Coffee is among the most consumed beverages in the world. According to statistics, more than 150 million Americans are coffee drinkers. Different people drink coffee for varying reasons. For some, coffee helps them stay alert throughout the day, while for others, coffee helps boost their energy levels and get them ready for the day. Most people have made coffee part of their daily routine to the point that they can hardly function without it.
Not to mention, drinking coffee is no longer a practice done only at home. It has extended to most offices and workplaces and thus the development of coffee breaks. Coffee breaks create a pause from job-related activities so that employees can recharge, refuel, or converse with their colleagues.
But where did the coffee break idea originate from, and who’s credited with inventing the coffee break? This article will answer the question “who invented the coffee break?” and discuss everything you need to know about this common workplace ritual. Read on!
What is a Coffee Break?
A coffee break refers to the brief 10 to 20-minute pause from the workday. The break generally takes place before a lunch break. It can also take place in the afternoon. During this break, employees are expected to leave their workstation or office and go to the cafeteria or designated break room to enjoy some coffee, tea, or other small snacks. Those who want to smoke can also do so in the designated areas. A coffee break is also referred to as a tea break, smoke break, or afternoon tea. The break serves as a brief rest or social gathering period and is usually a requirement for employees to boost their productivity.
Who Invented the Coffee Break?
The origin of the coffee break had something to do with the Maxwell House American coffee company and the behavioral psychologist J.B. Watson. This is how the story goes.
J.B. Watson was an American behavioral psychologist who believed that people could be trained to react in ways that are predictable through repetitive behaviors. This theory had the interest of most corporate advertising agencies who tried to find new ways to lure people to buy products. After serving as an academic psychologist, J.B. Watson started working in advertising agencies to get clients to buy their products. Eventually, Watson advertised for Maxwell House coffee, where he developed the coffee break idea in a commercial advert.
The idea behind the coffee break development required you to drink Maxwell House Coffee if you were to take a coffee break. Surprisingly, his idea worked. In the late 1980s, Maxwell House Coffee became the most purchased coffee brand in the United States.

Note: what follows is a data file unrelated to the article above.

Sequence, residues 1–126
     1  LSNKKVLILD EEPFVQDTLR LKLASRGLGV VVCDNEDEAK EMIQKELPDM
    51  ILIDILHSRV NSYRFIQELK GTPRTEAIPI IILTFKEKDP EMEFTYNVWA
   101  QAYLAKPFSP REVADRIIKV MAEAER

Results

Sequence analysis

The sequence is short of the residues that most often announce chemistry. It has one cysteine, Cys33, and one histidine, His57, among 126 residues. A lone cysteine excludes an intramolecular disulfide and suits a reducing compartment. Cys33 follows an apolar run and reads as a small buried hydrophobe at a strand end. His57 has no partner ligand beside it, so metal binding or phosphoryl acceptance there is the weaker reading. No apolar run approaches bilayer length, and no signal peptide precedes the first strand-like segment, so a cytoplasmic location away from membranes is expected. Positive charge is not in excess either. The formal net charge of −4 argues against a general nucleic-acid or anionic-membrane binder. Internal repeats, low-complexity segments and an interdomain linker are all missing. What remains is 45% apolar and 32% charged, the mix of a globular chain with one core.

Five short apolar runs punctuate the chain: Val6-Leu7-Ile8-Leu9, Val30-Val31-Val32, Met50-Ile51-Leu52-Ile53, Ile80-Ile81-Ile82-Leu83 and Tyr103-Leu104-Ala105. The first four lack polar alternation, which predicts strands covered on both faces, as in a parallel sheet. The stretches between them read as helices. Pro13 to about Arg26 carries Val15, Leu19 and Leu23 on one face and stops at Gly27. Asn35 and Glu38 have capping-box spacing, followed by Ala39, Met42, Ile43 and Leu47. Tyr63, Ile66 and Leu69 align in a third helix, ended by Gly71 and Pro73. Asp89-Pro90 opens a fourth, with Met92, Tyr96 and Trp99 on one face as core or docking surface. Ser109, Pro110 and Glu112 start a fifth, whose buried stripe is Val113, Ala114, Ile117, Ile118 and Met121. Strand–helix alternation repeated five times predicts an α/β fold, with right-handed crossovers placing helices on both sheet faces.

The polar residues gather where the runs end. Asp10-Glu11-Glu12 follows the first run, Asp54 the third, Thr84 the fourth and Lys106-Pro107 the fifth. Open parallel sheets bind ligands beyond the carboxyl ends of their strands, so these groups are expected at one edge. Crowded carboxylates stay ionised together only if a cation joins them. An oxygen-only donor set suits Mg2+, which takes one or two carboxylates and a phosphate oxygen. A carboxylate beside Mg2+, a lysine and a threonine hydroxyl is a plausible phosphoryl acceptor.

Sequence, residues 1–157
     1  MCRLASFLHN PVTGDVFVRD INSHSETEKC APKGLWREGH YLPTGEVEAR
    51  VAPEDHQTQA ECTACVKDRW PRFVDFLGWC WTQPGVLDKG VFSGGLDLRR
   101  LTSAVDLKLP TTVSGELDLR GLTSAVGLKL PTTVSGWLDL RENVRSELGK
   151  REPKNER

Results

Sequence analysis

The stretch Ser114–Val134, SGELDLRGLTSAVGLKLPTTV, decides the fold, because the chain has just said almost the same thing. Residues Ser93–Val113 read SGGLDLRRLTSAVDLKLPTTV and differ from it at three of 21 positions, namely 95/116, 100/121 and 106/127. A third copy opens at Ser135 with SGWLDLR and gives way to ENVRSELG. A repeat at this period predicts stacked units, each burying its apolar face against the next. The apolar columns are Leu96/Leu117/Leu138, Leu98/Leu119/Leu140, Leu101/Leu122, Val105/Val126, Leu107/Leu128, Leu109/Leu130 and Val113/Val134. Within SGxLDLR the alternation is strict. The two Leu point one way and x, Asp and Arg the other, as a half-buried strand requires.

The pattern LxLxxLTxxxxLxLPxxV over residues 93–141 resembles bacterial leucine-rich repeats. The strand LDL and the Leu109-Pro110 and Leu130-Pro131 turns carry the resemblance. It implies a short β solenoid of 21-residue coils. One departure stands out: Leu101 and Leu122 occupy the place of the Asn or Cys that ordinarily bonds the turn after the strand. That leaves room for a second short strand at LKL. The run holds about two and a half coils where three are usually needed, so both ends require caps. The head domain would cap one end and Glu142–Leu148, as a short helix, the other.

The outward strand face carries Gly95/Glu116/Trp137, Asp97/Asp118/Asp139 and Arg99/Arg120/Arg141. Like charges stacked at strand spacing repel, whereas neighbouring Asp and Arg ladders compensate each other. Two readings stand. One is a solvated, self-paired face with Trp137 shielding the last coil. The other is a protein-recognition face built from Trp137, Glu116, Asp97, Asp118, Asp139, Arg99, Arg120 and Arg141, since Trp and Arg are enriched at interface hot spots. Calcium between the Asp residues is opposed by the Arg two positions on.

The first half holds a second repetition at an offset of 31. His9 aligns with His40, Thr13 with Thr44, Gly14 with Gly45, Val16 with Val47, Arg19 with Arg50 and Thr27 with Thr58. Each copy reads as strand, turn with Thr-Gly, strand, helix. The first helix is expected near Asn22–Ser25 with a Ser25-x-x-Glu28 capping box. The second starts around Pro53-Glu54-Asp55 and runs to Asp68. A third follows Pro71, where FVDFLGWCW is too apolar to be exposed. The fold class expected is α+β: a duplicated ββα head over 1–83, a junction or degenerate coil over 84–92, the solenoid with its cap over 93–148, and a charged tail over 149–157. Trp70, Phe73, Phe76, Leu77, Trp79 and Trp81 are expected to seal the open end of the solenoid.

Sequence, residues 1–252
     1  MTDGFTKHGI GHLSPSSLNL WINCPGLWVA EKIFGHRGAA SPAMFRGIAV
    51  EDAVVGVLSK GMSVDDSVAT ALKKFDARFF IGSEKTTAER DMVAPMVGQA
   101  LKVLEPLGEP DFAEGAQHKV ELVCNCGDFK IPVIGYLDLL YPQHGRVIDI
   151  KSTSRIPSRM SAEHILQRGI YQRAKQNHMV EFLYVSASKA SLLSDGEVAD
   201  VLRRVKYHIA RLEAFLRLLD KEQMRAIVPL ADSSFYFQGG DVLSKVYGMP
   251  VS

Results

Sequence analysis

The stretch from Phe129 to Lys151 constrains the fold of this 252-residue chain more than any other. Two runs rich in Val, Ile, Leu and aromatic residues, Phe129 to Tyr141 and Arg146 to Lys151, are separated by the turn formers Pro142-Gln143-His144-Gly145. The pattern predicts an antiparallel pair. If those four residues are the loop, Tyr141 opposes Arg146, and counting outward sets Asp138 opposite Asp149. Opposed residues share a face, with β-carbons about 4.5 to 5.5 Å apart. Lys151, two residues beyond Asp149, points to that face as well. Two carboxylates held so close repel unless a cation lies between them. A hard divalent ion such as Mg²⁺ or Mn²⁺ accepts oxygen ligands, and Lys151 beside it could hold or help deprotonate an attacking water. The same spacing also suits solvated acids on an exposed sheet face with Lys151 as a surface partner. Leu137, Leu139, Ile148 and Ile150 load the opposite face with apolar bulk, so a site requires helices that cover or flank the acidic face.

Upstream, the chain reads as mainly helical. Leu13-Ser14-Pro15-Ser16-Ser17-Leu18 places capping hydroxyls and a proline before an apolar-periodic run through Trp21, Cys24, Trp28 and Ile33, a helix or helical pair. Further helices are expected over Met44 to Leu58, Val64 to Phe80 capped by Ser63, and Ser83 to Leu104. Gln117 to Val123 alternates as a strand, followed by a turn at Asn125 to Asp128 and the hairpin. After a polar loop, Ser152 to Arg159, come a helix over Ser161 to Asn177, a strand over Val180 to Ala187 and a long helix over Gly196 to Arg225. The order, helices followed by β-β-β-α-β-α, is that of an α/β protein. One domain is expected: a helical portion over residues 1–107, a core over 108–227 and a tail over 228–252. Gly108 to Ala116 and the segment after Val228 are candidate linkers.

With that said, other theories surround the development of the coffee break. Let’s take a look at them.
It’s believed that the coffee break began in Stoughton Wisconsin in the late 1800s. This is when Norwegian immigrants came to work in a wagon factory. Men were responsible for building the wagons while their wives would tend to their children at home. However, tobacco warehouse owners needed help harvesting tobacco and as a result, they asked local Norwegian wives to help them. The women agreed on a condition that they were allowed to take mid-morning and mid-afternoon breaks to tend to household duties and their children. During the break, the wives would enjoy a quick cup of joe. Their conditions were met and that’s how the coffee break developed.
Another theory ties coffee break development to a company known as Barcolo that’s based in Buffalo, New York. In the early 1900s, the metal products manufacturer started offering employees coffee breaks and free coffee too. The company hoped that the caffeine jolt would boost the employees’ productivity.
Coffee break is also believed to have developed during world war 11 when skilled weavers from a small tiemaker company were called to war. The owner of the company Phil Greinetz hired older men to replace the skilled young men called to war. However, the older men were not very good at the work. Next, Phil Greinetz hired middle-aged women. The women were much more skilled and made ties to his standards. However, the women lacked the stamina to work a full shift since they became tired quickly. When called to a meeting, the women pleaded that they are given two breaks during the day for them to rest and sip a cup of coffee or tea. Phil Greinetz listened to them and tried 10-minute breaks with free coffee in the morning and afternoon. As a result, the productivity of the women increased as well as the company’s profits.
The term coffee break was popularized in 1952 through an ad campaign by Pan-American Coffee Bureau. The slogan encouraged people to give themselves coffee breaks. As a result, coffee breaks are part of the workplace routine.
No matter the origin of the coffee break, it is a great opportunity to relax and converse with your colleagues as well as sip some coffee to increase your productivity.